Screening Bloodwork – Money Grab or Life Saver?

One topic I get asked about frequently is screening blood work. I’ll use screening bloodwork in this post to include both pre-surgical blood work and senior blood work. There were two general themes to the questions, those wanting to know if it was worthwhile and the second group wondering at what age it should be…

One topic I get asked about frequently is screening blood work. I’ll use screening bloodwork in this post to include both pre-surgical blood work and senior blood work. There were two general themes to the questions, those wanting to know if it was worthwhile and the second group wondering at what age it should be started.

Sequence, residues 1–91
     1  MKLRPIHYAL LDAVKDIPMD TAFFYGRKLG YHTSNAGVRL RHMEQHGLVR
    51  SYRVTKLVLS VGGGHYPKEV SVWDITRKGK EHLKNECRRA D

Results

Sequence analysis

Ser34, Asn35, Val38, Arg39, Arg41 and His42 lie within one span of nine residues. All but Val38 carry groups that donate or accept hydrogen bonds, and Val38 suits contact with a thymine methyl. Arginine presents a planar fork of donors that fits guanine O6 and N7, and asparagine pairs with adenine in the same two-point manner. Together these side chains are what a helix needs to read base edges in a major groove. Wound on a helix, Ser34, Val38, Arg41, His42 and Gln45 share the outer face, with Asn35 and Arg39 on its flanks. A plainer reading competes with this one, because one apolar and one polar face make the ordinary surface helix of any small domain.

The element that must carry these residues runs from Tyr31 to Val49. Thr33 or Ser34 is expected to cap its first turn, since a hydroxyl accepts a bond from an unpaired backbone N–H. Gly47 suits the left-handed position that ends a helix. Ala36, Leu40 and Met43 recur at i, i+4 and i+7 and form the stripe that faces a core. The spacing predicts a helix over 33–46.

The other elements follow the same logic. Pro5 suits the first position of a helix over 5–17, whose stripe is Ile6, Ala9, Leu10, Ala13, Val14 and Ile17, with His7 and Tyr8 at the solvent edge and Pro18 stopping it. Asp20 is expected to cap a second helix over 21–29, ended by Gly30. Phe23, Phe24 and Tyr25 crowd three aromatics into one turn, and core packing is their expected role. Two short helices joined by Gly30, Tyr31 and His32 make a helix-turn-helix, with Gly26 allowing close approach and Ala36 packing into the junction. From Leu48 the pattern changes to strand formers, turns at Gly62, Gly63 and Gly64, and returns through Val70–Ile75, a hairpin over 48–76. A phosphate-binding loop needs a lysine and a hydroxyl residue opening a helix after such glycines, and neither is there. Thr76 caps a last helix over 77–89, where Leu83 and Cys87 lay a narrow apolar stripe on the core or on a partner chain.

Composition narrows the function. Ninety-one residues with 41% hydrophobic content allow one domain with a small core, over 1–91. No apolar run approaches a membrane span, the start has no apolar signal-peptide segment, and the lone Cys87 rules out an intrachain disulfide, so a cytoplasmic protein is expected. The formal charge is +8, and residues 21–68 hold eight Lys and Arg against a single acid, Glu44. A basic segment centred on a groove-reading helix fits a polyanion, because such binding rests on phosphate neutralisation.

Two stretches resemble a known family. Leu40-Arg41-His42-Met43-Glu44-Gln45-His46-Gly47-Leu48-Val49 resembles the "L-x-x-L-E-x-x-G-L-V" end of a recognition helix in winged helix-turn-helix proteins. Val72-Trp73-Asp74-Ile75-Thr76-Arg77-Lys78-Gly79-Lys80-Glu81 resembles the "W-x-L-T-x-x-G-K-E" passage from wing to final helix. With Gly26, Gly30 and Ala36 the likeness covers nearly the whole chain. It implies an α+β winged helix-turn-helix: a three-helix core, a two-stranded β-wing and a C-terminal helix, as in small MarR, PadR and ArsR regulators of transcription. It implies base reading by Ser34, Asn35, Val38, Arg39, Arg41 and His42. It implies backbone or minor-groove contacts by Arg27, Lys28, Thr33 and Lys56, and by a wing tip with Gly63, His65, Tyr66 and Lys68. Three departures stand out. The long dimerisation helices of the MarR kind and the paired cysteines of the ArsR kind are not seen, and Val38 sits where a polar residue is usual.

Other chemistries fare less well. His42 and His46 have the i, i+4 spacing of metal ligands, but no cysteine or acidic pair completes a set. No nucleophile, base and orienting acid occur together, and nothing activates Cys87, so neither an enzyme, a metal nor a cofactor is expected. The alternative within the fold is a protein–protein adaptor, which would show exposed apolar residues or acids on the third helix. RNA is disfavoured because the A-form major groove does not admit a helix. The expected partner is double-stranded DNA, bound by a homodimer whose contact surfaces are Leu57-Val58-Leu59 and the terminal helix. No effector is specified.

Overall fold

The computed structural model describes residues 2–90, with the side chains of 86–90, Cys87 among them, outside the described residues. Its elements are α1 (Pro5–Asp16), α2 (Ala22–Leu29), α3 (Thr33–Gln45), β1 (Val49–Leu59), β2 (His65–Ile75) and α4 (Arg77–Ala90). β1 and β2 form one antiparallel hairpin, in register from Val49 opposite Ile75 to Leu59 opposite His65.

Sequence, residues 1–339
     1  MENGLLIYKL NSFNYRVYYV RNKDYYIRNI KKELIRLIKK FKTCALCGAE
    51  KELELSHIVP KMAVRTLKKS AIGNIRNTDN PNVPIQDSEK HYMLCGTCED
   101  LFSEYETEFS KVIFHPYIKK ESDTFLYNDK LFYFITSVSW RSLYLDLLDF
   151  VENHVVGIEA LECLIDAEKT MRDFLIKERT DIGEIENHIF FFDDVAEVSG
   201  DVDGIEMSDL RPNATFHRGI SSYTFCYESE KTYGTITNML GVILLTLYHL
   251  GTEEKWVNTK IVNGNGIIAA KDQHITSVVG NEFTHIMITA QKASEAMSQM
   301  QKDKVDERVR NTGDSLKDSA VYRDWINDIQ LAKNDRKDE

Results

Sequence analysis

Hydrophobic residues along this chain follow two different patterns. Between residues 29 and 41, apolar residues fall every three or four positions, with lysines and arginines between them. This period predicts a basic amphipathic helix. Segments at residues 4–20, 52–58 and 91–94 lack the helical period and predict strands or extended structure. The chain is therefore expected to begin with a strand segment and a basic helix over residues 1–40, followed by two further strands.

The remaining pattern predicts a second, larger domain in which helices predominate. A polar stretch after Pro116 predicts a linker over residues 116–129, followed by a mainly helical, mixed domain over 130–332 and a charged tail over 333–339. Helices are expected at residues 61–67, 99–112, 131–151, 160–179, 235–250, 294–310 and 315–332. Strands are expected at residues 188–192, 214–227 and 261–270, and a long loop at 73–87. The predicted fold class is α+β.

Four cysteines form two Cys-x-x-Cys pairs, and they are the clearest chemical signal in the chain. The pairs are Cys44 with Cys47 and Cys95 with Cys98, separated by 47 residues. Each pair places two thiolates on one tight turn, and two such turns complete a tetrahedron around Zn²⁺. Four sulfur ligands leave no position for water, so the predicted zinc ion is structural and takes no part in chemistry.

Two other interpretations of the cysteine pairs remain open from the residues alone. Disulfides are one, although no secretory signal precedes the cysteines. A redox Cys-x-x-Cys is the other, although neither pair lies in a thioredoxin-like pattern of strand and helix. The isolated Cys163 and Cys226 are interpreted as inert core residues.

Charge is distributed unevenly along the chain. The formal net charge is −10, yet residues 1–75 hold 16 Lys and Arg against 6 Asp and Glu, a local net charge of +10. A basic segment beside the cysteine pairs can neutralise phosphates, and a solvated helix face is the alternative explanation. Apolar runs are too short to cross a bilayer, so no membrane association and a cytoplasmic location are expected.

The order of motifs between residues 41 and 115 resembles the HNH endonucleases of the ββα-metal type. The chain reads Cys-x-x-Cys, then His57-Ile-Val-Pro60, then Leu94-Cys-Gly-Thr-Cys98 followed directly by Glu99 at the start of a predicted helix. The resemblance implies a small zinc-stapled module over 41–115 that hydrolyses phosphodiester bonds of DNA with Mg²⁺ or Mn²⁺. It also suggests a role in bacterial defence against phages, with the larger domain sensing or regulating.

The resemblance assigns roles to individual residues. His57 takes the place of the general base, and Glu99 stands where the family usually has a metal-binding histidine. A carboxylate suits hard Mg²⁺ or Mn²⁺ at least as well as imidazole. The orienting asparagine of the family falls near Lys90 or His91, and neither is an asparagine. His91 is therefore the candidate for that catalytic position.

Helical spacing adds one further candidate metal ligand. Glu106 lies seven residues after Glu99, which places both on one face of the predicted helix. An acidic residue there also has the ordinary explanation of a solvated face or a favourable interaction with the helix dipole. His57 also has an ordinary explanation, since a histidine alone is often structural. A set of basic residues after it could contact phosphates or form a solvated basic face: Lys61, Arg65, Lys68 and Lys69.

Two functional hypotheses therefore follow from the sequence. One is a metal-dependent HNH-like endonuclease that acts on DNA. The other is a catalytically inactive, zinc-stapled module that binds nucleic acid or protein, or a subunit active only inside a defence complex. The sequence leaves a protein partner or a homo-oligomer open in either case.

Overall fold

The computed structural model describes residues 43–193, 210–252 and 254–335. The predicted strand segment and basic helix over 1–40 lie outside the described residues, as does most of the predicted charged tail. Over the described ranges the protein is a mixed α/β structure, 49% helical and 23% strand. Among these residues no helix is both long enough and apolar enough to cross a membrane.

I am a big believer in preventative medicine, and while I enjoy challenging cases it is so much better to maintain health rather than to try to fix a problem once the wheels come off. The most important preventative measures will always be feeding a high-quality food, keeping your dog in good body condition and keeping them fit and active. Nearly as important will be monitoring their healthy state. This monitoring includes a thorough exam, once or twice, a year, a yearly fecal exam, heartworm and tick-borne disease testing and screening blood work.

I intentionally used the word “thorough” before exam. This isn’t the place to skimp and go to the cheapest vaccine clinic you can find. While vaccines are important in disease prevention what you should be paying for is your veterinarian’s expertise and skill. So often we find issues on our exams that owners were not yet aware were a concern. This can include things like a heart murmur, a swelling in a joint or even cancer. There are a lot of tools and toys that can be used by medical professionals but at the end of the day the best tool we have will always be our ability to perform a thorough, and complete, physical exam.